New Jersey patients who were told that they have an acute kidney injury may be interested to learn that the way in which these conditions are diagnosed may be misleading. Approximately 5 to 7 percent of patients who are admitted to U.S. hospitals are ultimately diagnosed with this condition.
Acute kidney injuries are often diagnosed through a blood test, which looks at a patient's serum creatinine levels, a waste product that the kidneys remove from the body. However, initial creatinine levels can be misleading as it can take time for them to adjust following an injury. Additionally, they only offer a snapshot of how the kidney is functioning at the time the blood test is taken. In some cases, the blood tests could even give a false positive for the condition even if the kidney was not damaged in any way.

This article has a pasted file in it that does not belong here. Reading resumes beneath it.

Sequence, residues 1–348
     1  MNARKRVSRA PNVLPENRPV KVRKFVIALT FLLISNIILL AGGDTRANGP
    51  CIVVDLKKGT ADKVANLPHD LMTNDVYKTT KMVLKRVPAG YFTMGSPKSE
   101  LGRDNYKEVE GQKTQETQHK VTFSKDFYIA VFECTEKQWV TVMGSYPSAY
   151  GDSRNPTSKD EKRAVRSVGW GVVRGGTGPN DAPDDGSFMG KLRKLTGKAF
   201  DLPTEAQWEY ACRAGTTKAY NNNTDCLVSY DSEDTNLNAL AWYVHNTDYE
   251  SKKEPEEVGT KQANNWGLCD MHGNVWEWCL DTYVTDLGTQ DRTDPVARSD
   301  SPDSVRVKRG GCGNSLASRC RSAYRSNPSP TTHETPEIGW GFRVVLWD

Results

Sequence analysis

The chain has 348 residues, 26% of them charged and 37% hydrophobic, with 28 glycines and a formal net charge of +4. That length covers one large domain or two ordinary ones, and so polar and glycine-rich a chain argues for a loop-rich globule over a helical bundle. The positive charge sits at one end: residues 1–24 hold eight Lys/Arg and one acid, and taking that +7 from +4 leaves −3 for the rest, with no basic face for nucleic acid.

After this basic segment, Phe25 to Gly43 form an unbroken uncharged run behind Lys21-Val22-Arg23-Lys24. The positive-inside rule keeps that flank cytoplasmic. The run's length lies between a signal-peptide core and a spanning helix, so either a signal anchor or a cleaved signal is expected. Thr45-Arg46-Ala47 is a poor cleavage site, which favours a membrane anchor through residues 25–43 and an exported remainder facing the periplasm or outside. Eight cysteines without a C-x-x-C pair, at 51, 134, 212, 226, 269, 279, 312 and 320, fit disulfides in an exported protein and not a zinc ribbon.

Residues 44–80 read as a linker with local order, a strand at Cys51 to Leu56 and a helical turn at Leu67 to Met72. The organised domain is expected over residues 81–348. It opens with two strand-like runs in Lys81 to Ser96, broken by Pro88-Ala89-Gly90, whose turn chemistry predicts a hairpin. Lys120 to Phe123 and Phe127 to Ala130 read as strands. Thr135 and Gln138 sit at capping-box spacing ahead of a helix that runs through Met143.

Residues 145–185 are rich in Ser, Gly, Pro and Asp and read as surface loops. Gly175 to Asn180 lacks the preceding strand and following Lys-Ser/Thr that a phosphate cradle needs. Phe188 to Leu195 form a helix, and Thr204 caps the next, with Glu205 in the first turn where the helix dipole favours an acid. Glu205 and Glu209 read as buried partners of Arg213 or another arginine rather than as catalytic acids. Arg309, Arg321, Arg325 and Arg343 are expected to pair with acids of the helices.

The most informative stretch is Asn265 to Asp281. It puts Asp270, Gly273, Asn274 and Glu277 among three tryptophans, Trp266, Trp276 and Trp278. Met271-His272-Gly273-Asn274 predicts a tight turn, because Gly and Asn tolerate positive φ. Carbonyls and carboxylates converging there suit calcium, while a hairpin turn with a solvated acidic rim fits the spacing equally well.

An accurate diagnosis for acute kidney injury is incredibly important. If doctors attempt to rehydrate patients,, they could suffer a pulmonary edema where fluid builds up in the lungs. If doctors do not treat for dehydration, the kidneys could potentially suffer irreversible damage. Ongoing studies suggest that using biomarkers to determine if a patient has suffered kidney damage may be a more accurate way to treat the condition.
If a doctor error results in a misdiagnosis, a patient could potentially suffer serious injuries. Not only can this lead to a worsened condition, but it can also result in more expensive medical bills and a loss of income if the person cannot work. A medical malpractice attorney may gather evidence that provides proof that the doctor was negligent and that this negligence resulted in the injury.